What is galactosemia?

Galactosemia is a rare genetic disorder. People with this disorder are missing an enzyme called galactose-1-phosphate uridyl transferase or Gal-1-PUT. This enzyme has a job. It is supposed to break down galactose in the body. Galactose is a sugar. The body gets most of its galactose from the breakdown of lactose, which is the main sugar in milk. Galactose is supposed to be broken down further into another sugar called glucose (which is a main energy source for the body) and other molecules essential for the proper function of the body. Because people with galactosemia are missing an enzyme, galactose cannot be broken down and instead ends up building up in the body. When galactose builds up, it becomes toxic to the cells. The name, galactosemia, means 'too much galactose in the blood.' If not identified and treated promptly, life-threatening complications can occur. Most infants with galactosemia are diagnosed through newborn screening and put on a lactose-restricted diet within the first 10 days of life. Despite early recognition and prompt treatment, infants and children with galactosemia remain at risk for delays in reaching developmental milestones, speech delays, or problems with motor function. Changes (mutations) to the GALT gene cause classic galactosemia.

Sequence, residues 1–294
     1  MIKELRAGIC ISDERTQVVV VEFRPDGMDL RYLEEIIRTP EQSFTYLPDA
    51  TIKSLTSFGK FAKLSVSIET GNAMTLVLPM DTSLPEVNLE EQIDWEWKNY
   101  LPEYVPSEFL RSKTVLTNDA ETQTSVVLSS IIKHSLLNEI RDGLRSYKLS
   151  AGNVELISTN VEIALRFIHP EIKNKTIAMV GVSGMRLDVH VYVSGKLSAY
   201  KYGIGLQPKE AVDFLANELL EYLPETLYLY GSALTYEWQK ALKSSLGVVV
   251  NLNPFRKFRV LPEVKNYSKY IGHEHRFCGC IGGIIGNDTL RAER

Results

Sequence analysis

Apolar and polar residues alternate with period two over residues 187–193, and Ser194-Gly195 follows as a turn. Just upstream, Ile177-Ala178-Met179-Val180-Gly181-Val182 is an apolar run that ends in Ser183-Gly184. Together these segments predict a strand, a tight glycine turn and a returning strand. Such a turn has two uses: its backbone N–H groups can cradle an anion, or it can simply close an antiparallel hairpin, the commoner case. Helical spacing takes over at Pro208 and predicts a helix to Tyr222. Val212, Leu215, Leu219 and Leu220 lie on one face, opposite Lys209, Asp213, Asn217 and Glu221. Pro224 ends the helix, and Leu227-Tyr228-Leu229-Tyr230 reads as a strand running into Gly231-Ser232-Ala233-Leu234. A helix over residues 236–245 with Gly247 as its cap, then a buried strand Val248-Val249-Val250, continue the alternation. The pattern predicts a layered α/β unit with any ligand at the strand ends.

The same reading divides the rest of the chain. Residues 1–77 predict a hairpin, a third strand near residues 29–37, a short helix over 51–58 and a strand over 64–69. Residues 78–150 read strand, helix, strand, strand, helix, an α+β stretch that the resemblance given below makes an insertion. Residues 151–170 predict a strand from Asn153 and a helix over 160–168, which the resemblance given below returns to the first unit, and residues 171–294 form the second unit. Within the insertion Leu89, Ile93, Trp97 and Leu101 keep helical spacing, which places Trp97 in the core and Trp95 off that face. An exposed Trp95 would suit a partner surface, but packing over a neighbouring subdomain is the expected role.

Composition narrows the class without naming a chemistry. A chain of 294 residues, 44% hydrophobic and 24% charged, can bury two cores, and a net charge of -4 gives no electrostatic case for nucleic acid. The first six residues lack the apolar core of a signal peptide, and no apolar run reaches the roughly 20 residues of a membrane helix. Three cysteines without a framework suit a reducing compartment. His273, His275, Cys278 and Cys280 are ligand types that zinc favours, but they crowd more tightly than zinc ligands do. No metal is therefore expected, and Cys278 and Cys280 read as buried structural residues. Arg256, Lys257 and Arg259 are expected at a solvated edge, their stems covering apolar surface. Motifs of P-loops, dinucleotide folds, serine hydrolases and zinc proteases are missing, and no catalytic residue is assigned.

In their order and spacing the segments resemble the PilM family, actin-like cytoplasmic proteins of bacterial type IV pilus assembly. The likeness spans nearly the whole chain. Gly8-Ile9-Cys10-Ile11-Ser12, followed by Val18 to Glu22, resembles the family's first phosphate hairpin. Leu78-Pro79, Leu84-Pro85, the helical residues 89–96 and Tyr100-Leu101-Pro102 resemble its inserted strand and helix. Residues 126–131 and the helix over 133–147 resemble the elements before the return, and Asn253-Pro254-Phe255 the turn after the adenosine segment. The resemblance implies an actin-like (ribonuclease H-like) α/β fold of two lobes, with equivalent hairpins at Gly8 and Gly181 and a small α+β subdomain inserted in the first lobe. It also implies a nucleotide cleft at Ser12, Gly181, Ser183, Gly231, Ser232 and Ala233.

In addition to classic galactosemia, some individuals have clinical variant galactosemia. It is caused by different mutations to the GALT gene and has the same signs and symptoms as classic galactosemia. Another form of galactosemia is called Duarte variant galactosemia. The Duarte form has not been shown to cause any signs or symptoms, and many doctors do not consider it a real disease. However, adequate studies to confirm this have not been done and there have been anecdotal reports of mild symptoms in some people.

Berry GT. Classic Galactosemia and Clinical Variant Galactosemia. GeneReviews website. Accessed November 4, 2016.

Galactosemia. Genetics Home Reference website. Accessed November 4, 2016.

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